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Looking back

What’s in a year? If you want the simple answer: 52 weeks, 365 days, 8,760 hours and 525,600 minutes. If you want the more complex, perhaps existential answer, it’s grief, joy, love, growth, anger and consistently fleeting contentment. The thing that defines that though, and what defines each individual, isn’t the best moments throughout the year, it’s our reactions to the worst moments.

From a journalist’s standpoint, it’s easy to see those moments that define the community you work in; you simply go through the archives of your own work. From my standpoint, it’s specific moments that stuck with me.

Approximately 30 people gathered roadside on Abilene Road on Dec. 18 for a memorial for Brianna Giuriceo, 18, who died Aug. 17 in a single-vehicle crash in the 3300 block of Abilene Road. Her father, Greg Giuriceo, spoke during the service about his daughter.

“She and I were repairing our relationship upon her return and becoming closer,” he said, describing his relationship with his daughter following her move from Oklahoma to live with him. “The thought of knowing she loved me and was proud of me as her father means more than I can express.”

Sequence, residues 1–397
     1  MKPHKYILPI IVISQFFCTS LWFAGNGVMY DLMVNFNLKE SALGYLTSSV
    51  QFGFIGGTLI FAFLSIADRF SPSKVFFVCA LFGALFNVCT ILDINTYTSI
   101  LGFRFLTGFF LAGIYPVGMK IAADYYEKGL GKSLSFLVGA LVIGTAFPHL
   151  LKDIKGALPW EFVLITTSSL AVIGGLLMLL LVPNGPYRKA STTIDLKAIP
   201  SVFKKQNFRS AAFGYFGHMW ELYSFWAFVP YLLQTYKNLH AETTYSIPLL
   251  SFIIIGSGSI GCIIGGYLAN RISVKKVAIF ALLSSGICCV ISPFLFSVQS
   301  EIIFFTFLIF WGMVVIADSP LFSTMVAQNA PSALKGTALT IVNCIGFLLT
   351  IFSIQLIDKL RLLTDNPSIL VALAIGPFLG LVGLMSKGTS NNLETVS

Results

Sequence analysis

Among tragedies covered throughout 2017 were the deaths of Tori Perez and Jaiden Bartee, two children who were struck and killed by a tractor-trailer March 30 as their school bus approached them on U.S. Route 15, and Michaela Woodson, 16, and Tyauna Woodson, 14, who died after a vehicle they were in plunged off the Willis River bridge in Cumberland into the river April 26.

Standing at the recent Giuriceo memorial by those in their own grieving process and watching the community outpour of love have been what I’ve seen as the moments that have defined the community throughout 2017.

Each of these individuals who passed away were taken much too soon. As noted by friends and family members of Brianna, she was a bright light who was full of life. I would be remiss if I didn’t state this: because they were taken much too soon does not mean that the brevity of their lives leaves their existence as having meant anything less. In fact, they are that much more important to the world for the mark they left on it. Don’t let the light of their lives burn out in 2018. Contact Heart of Virginia representatives, state representatives and congressmen to seek ways to make roads more safe, to pursue legislation for making sure students don’t have to cross the road to board the bus. Don’t let the tragedies of 2017 become a recurring theme in 2018.

MORGAN WHITE is a staff reporter for The Farmville Herald and Farmville Newsmedia LLC. His email address is Morgan.White@FarmvilleHerald.com.